http://www.lobster-magazine.co.uk/index.php : an essential resource, which in its day did ground-breaking reearch, most notably into the 'Wilson Plot' (spook attempts to unseat Labour PM Harold Wilson) & also the British American Project, whereby the Labour Party was hijacked by US-sympathising neo-cons. Most articles are fully referenced, and over the years Lobster has covered a wide array of fascinating topics-use the site index to find out what. They still do--issue 60 has important articles by ex-Labour Minister Bryan Gould (editor Robin Ramsay's version of JFK-lite) and Corinne Souza on MI6. Nonetheless, it was a sad day when Lobster went 'defunctly virtual' (no new hard copies), though many back issues are still available for real. There are three criticisms though. First, there are far too few sample articles to give browsers an idea of what Lobster stands for. Second, while going virtual is one thing, the form in which Lobster has done so, abandoning the concise formatting of hard copy for 210 pages (issue 59/Summer 2010) of widely-spaced text is a disaster, access-wise, and discourages printing out issues for perusal. Naughty! Third, the links page is partial & variable--an uncritical link to David Guyatt's bullshit about Nazi Gold & so forth. The lack of updated links makes life interesting though--spot the defunct link that leads to a DVD/Car rental portal! Or is it really a clever cover for Osama Bin Laden's current business (beyond his watery grave) trading second hand cars?
http://www.statewatch.org/ In one guise or another, (as State Research Bulletin initially) this publication has been around for over three decades, although sadly the production values of associated Statewatch magazine have hardly improved, indeed deteriorated (essentially the magazine is square chunks of black & white text, no graphics, the site barely better). Their strength is the detail in which they explore issues/legislation/statistics. Strength can also be weakness--Statewatch is worthy not exciting, and covertly but rigorously censors opinions outside the Guardianista/London Left consensus. While many stories merely summarise newspaper/magazine articles published elsewhere, it would be a mistake to see it as comprehensive or authoritative--Notes From the Borderland and Eye Spy magazine do not exist in the eyes of this site. Statewatch's greatest asset is the close (even symbiotic) relationship it enjoys with the European Union's developing institutions in the repressive/surveillance sphere. Like a troubled courtier, Statewatch exhaustively chronicles, in pan-European detail, emerging trends. Resistance, of course, is not on the agenda--grants do not come your way for rocking the boat. But as a first port of call if you're desperate to track down that vital EU directive on sub-section xxvii of Schengen implementation Protocol 7, it can't be beaten. We ourselves have a slight preference for Molotov cocktails (to go). Nonetheless, we would far rather have Statewatch than not--were they to disappear much essential background material of use in genuine investigative research would be dissipated. To provide welcome light relief with serious undertones peruse the still relevant critique of Statewatch from 2001 Visit the Last Century Left section of this site or type into our internal search engine 'Flyer given out'. Don't tell Grand Master Tony Bunyan though...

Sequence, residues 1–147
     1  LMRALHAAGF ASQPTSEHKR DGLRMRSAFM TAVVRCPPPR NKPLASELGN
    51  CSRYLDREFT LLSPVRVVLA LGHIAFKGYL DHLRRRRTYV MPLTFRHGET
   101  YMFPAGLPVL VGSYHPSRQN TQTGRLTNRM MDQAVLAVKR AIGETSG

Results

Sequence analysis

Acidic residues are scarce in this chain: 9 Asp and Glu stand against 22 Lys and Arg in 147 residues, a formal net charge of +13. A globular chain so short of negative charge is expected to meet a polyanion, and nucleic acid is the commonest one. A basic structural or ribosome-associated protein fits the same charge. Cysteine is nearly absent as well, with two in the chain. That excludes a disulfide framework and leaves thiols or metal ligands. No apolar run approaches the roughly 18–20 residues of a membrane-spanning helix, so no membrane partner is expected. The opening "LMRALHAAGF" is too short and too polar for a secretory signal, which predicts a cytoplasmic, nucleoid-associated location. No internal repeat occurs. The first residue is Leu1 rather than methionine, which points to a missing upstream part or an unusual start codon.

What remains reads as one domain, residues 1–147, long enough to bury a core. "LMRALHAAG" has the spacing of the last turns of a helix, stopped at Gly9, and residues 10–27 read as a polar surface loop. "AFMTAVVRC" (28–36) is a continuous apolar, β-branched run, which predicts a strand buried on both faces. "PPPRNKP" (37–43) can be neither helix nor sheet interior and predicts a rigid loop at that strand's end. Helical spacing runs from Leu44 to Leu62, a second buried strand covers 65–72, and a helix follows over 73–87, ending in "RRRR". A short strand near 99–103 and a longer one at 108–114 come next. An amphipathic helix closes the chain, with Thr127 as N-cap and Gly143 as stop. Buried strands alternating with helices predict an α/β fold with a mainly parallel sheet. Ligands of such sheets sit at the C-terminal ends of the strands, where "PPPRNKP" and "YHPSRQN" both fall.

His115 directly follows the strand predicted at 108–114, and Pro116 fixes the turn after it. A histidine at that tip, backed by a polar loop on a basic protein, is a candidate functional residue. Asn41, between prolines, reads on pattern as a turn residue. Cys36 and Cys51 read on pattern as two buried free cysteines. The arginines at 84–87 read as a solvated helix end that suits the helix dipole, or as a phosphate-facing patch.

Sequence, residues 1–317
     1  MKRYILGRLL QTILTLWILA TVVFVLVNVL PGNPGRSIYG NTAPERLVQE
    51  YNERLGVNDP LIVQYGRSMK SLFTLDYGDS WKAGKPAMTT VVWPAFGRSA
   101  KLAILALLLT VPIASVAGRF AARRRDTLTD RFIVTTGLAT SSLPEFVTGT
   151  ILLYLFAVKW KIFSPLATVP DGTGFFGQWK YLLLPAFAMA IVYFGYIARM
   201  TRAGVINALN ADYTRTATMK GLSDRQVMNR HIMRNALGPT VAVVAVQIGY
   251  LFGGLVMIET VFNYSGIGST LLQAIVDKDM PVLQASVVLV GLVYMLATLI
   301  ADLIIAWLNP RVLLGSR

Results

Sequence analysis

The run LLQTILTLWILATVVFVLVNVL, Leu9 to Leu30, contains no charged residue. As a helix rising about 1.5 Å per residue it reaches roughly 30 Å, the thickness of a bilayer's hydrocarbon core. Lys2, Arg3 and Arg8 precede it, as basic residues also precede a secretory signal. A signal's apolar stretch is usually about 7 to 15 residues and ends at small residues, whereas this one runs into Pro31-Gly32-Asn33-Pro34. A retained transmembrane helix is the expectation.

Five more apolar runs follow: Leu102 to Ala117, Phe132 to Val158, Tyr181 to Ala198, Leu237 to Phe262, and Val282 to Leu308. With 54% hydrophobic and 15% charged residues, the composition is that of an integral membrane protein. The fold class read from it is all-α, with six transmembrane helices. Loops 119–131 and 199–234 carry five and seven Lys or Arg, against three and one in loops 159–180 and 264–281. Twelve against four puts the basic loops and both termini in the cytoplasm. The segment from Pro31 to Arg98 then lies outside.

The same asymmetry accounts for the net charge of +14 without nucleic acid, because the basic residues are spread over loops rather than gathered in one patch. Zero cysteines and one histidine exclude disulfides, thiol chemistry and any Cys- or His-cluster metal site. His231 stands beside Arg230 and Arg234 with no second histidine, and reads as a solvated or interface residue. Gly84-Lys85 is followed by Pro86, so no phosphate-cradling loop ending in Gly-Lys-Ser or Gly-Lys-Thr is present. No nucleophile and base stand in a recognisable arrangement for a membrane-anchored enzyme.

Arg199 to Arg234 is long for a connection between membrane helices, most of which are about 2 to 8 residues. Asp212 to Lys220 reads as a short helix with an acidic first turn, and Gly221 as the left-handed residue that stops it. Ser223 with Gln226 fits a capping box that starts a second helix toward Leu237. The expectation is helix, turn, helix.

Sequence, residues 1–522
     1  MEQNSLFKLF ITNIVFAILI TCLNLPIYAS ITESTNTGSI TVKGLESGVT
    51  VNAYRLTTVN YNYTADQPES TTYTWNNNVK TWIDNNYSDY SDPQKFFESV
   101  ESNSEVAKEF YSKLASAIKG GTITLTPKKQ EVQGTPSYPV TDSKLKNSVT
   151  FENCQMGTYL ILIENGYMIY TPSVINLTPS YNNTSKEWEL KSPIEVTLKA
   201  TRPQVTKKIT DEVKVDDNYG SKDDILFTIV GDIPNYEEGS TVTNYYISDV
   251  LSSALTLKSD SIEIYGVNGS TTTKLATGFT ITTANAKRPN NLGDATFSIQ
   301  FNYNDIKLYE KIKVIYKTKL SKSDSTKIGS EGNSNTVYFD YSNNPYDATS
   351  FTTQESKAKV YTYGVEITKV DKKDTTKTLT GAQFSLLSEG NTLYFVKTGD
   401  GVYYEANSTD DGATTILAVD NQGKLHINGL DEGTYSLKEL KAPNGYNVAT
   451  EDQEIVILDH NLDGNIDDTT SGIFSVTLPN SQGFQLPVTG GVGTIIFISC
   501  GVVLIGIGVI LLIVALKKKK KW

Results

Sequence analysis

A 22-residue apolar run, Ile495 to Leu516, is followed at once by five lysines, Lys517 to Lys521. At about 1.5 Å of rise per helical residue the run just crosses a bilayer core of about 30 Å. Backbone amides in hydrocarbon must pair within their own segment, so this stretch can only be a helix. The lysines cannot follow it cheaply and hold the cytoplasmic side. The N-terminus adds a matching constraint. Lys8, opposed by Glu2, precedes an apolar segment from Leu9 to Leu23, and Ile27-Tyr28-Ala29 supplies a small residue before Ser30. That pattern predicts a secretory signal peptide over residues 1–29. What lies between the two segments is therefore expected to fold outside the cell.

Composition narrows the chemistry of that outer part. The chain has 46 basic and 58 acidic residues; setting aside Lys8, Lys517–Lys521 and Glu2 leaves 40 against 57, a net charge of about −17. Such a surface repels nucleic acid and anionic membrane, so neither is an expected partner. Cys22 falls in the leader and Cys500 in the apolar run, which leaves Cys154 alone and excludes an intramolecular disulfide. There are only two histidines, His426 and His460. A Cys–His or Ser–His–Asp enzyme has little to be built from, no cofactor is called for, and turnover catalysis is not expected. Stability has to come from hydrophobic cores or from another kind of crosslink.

http://wikispooks.com is a UK-based hub, if you can call it that, for UCT's (unofficial conspiracy theorists). As such, a few general remarks. Like us, they have problems with Wikipedia (a topic for another day). To be fair, the site has a ‘general disclaimer’ of which Point 1 says “content may be wildly inaccurate and does NOT necessarily reflect the opinion of the site owner”. This means no crap filter, and furthermore an instinctive aversion to ‘official’ sources: “a presumption against authority as a reliable source of information and evidence”--makes it difficult to distinguish between genuine information and disinformation. Indeed, their dogmatic view is so narrow-minded and prescriptive it makes reasoned judgement, evaluating evidence on merit, almost impossible. Alice in Wonderland-like, they simply invert traditional rules of evidence, thus producing not a counter to official disinformation but a mirror-image. Editorial policy states any official information “should be assumed to be in furtherance of a hidden--if more or less obvious--agenda and thus designed to mislead rather than to inform”. Sometimes, certainly, but a priori assuming such cripples any genuinely critical inquiry. On this reckoning, to avoid scrutiny and hoodwink Wikispooks any official source has merely to utter the simple and unvarnished truth. There is the further editorial view that the “veracity and accuracy of official announcements, documents, press releases etc should be treated as inversely proportional to the Power, Wealth, Statutory (or other claimed) Authority, in 'current Establishment hierarchies of their source”. If accepted, this means we should discount what Richard C Clarke has to say about 9/11, but take as gospel the contradictory confabulating accounts of World Trade Center janitor William Rodriguez. That, we are not prepared to do. Wikispooks lacks discernment, a prerequisite to any evidence-based enterprise. Consequently, they give credence to ideas deserving none: the page on Tsarist forgery ‘Protocols of the Elders of Zion’ says Zionist apologists reaction to mention of the Protocols shows their “sensitivity is palpable” and the text introduction concludes with the emphasised remark “the Zionist doth protest too much, methinks”. Predictably, perhaps, pages on 9/11 & 7/7 merely replace the official narrative with a supposed alternative (i.e. cultist) version of both events, as deconstructed on our site and the 9/11 cult watch blog. Hardly surprising, a page is devoted to the specious proposition “9/11: Israel did it”. In short, a site those interested in parapolitics should be wary of: were they a doctor, every scratch would be gangrene, on the premise gangrene often starts with a scratch.